Though there are significant differences between biological and artificial neural networks, I find the existing lines of similarity very interesting and useful. Plasticity in biological systems allows neurons in the brain to adjust their activities in response to injuries or changes in their environment. A similar plasticity is also achievable in deep learning systems, allowing the transfer of a certain model to a different environment. Such a plasticity allows the collaboration of different entities, each one with its own data processing model, to come up with a better, synergic model.

2: Good Security & Privacy tools

I spent some of the mid 90s leading a cyber-crypto-security team. Back then, one of our goals was to defend from the malicious controls downloaded with HTML pages. At the time, the main controls were Microsoft’s ActiveX controls and Sun’s Java applets. The winner between the two was clear, and the distinguishing factor was security: Java applets had much better security mechanisms compared to competitors.

Today, it is truth universally acknowledged that security comes first. There are various methods to protect the privacy of end users.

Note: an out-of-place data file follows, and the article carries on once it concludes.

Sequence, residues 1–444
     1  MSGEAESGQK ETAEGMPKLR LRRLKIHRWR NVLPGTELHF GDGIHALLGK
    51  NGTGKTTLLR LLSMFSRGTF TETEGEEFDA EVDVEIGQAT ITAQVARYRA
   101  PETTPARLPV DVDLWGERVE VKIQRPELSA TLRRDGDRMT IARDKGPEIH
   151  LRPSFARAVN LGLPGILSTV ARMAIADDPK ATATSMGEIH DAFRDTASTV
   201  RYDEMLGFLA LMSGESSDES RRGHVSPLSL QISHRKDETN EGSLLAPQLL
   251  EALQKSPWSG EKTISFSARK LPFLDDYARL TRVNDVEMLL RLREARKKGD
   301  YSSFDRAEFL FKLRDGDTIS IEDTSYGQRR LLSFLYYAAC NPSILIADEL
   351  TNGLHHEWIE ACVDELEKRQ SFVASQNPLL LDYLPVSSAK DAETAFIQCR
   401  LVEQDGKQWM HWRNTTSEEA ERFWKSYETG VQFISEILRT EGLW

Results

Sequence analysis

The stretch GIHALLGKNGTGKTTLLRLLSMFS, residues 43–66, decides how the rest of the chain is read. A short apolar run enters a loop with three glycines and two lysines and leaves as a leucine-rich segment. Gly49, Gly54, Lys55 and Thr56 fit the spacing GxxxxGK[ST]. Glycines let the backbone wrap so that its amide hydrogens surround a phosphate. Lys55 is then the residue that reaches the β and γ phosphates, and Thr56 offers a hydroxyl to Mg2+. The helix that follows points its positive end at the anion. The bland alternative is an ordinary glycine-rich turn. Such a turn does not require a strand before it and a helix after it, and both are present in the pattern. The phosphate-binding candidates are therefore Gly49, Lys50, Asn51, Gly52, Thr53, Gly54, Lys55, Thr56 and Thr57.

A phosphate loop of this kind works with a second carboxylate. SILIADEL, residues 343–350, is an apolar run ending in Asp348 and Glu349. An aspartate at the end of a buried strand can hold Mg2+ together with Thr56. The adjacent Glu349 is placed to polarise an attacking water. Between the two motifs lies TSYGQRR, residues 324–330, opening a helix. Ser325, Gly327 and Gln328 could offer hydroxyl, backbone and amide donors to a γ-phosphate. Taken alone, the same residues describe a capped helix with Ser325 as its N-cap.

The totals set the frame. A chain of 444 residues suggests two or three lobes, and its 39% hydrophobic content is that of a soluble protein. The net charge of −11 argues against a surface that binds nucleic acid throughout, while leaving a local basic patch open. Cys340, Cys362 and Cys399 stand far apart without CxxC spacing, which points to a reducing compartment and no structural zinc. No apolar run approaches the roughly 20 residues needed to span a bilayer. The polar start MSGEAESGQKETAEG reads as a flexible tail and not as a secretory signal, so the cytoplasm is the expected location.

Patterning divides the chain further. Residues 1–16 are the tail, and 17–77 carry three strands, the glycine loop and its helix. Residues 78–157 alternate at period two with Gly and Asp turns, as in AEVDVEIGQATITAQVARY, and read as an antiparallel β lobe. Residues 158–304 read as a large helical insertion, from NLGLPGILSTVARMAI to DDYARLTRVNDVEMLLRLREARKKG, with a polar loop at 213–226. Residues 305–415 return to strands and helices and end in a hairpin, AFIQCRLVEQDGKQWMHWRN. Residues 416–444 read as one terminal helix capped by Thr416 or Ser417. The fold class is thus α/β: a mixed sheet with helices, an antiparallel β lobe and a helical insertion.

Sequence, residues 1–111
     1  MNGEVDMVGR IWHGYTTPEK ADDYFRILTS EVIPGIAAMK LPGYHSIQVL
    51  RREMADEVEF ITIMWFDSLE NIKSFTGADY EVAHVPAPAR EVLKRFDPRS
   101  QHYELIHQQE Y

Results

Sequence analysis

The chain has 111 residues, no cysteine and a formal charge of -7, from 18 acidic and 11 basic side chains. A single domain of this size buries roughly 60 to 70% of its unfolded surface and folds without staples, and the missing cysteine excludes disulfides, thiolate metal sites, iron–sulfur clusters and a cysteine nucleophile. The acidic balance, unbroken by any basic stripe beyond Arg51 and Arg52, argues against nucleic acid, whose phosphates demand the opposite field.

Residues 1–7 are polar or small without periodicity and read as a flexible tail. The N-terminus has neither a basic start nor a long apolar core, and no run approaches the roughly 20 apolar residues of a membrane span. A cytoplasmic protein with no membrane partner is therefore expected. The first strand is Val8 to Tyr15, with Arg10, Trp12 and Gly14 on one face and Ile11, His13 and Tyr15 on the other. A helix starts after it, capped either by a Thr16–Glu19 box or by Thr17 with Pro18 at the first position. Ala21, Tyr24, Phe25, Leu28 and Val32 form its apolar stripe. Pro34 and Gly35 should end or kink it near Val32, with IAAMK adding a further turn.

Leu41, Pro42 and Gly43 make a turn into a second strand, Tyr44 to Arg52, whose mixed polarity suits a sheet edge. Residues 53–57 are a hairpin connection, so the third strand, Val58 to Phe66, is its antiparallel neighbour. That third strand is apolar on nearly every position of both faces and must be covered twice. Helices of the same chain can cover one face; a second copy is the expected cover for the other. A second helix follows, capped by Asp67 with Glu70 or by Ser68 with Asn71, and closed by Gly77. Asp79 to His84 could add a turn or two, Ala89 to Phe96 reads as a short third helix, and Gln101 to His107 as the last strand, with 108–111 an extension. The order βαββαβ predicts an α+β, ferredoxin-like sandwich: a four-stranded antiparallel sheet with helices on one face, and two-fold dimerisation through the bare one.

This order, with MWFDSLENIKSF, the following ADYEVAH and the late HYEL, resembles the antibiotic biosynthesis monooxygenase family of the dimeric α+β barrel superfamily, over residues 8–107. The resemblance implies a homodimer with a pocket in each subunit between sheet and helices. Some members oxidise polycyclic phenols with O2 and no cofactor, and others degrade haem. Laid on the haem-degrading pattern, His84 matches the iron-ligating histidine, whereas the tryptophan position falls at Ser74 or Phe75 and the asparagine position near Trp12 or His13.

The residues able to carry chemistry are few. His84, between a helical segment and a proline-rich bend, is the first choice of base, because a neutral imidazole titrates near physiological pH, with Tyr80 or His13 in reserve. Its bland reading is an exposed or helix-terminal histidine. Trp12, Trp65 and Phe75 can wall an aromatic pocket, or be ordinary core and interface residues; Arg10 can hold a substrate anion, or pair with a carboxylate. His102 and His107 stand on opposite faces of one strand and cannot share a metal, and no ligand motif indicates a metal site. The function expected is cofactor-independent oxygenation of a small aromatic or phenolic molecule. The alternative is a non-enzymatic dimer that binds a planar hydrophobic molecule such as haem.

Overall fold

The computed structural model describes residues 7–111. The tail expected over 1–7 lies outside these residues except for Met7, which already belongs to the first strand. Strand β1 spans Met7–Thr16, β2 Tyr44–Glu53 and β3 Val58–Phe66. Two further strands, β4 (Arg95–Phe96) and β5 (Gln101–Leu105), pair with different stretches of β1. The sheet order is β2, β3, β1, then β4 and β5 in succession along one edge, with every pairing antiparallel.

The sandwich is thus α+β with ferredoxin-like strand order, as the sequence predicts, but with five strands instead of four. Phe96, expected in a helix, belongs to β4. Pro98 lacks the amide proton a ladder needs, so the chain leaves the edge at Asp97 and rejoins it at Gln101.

3: Powerful AI libraries

Unlike when I was a teenager and playing with (tiny) neural networks was considered “weird”, today’s deep learning has been brought to the masses. Libraries like Tensorflow, PyTorch, Thano & MXNet, plus various GPU providers have made it extremely easy to develop neural network solutions. Despite these advancements, it is still not very easy for developers to collaborate.

4: Decentralized computation

Before diving into the project, I was a member of the algorithmic trading industry, focusing most recently on Bitcoin and cryptocurrency. Decentralized computation environments like Ethereum, based on Blockchain technology, are the most important piece in the puzzle. The ability for different entities to have a “shared memory” that is not dependent on any other entity opens up the door for collaborative computing.